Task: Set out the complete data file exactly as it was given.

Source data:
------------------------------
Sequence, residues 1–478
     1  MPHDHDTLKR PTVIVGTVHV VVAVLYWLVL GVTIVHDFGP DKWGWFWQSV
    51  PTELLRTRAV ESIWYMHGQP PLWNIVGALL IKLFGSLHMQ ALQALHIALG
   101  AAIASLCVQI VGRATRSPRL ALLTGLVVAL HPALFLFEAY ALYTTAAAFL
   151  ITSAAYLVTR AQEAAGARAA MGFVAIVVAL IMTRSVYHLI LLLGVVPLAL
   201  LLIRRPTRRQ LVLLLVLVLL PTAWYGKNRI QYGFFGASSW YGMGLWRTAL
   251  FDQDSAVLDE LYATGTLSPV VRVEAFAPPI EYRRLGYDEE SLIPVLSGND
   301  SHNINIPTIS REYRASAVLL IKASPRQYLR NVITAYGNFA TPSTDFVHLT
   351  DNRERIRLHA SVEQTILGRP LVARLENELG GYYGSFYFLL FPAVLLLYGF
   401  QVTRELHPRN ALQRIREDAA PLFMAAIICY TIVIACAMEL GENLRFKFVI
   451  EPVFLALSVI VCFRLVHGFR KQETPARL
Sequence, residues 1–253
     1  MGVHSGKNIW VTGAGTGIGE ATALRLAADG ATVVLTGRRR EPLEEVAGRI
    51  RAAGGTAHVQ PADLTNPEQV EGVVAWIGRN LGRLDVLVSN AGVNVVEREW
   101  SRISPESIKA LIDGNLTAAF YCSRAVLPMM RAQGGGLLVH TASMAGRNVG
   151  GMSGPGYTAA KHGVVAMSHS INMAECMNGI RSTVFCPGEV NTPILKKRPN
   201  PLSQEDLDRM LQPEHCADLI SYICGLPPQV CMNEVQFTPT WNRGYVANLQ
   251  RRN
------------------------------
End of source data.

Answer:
Sequence, residues 1–478
     1  MPHDHDTLKR PTVIVGTVHV VVAVLYWLVL GVTIVHDFGP DKWGWFWQSV
    51  PTELLRTRAV ESIWYMHGQP PLWNIVGALL IKLFGSLHMQ ALQALHIALG
   101  AAIASLCVQI VGRATRSPRL ALLTGLVVAL HPALFLFEAY ALYTTAAAFL
   151  ITSAAYLVTR AQEAAGARAA MGFVAIVVAL IMTRSVYHLI LLLGVVPLAL
   201  LLIRRPTRRQ LVLLLVLVLL PTAWYGKNRI QYGFFGASSW YGMGLWRTAL
   251  FDQDSAVLDE LYATGTLSPV VRVEAFAPPI EYRRLGYDEE SLIPVLSGND
   301  SHNINIPTIS REYRASAVLL IKASPRQYLR NVITAYGNFA TPSTDFVHLT
   351  DNRERIRLHA SVEQTILGRP LVARLENELG GYYGSFYFLL FPAVLLLYGF
   401  QVTRELHPRN ALQRIREDAA PLFMAAIICY TIVIACAMEL GENLRFKFVI
   451  EPVFLALSVI VCFRLVHGFR KQETPARL
Sequence, residues 1–253
     1  MGVHSGKNIW VTGAGTGIGE ATALRLAADG ATVVLTGRRR EPLEEVAGRI
    51  RAAGGTAHVQ PADLTNPEQV EGVVAWIGRN LGRLDVLVSN AGVNVVEREW
   101  SRISPESIKA LIDGNLTAAF YCSRAVLPMM RAQGGGLLVH TASMAGRNVG
   151  GMSGPGYTAA KHGVVAMSHS INMAECMNGI RSTVFCPGEV NTPILKKRPN
   201  PLSQEDLDRM LQPEHCADLI SYICGLPPQV CMNEVQFTPT WNRGYVANLQ
   251  RRN